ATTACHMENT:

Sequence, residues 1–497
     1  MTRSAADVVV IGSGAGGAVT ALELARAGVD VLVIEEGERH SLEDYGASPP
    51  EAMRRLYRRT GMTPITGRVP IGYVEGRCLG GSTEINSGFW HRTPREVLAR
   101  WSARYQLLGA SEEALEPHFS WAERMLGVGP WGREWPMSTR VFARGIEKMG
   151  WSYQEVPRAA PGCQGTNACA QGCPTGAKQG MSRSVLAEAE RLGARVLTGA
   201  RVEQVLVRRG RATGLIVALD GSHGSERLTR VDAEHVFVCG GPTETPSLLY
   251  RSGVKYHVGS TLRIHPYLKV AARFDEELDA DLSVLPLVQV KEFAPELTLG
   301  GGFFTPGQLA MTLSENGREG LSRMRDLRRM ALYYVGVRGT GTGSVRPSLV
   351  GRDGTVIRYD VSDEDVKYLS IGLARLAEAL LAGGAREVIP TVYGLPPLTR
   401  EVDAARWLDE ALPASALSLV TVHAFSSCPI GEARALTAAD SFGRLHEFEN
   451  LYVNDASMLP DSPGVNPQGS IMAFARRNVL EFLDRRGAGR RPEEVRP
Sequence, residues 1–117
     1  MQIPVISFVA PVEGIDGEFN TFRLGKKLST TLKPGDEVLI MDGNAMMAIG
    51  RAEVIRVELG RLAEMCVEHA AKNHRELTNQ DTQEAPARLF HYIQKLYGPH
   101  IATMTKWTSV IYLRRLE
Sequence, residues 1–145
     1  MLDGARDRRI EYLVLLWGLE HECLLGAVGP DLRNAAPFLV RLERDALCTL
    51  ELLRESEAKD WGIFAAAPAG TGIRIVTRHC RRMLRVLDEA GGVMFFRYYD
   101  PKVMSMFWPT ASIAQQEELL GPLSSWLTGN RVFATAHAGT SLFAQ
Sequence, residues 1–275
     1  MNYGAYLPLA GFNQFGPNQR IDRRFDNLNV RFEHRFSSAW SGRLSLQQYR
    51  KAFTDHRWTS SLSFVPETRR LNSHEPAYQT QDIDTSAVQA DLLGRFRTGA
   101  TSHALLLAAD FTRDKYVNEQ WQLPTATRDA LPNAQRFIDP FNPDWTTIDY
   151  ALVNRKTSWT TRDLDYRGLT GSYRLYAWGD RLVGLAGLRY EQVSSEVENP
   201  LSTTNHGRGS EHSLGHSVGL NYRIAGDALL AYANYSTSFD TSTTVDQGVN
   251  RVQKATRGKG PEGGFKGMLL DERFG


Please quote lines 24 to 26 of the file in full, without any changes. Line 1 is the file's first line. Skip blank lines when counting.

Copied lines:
   151  ALVNRKTSWT TRDLDYRGLT GSYRLYAWGD RLVGLAGLRY EQVSSEVENP
   201  LSTTNHGRGS EHSLGHSVGL NYRIAGDALL AYANYSTSFD TSTTVDQGVN
   251  RVQKATRGKG PEGGFKGMLL DERFG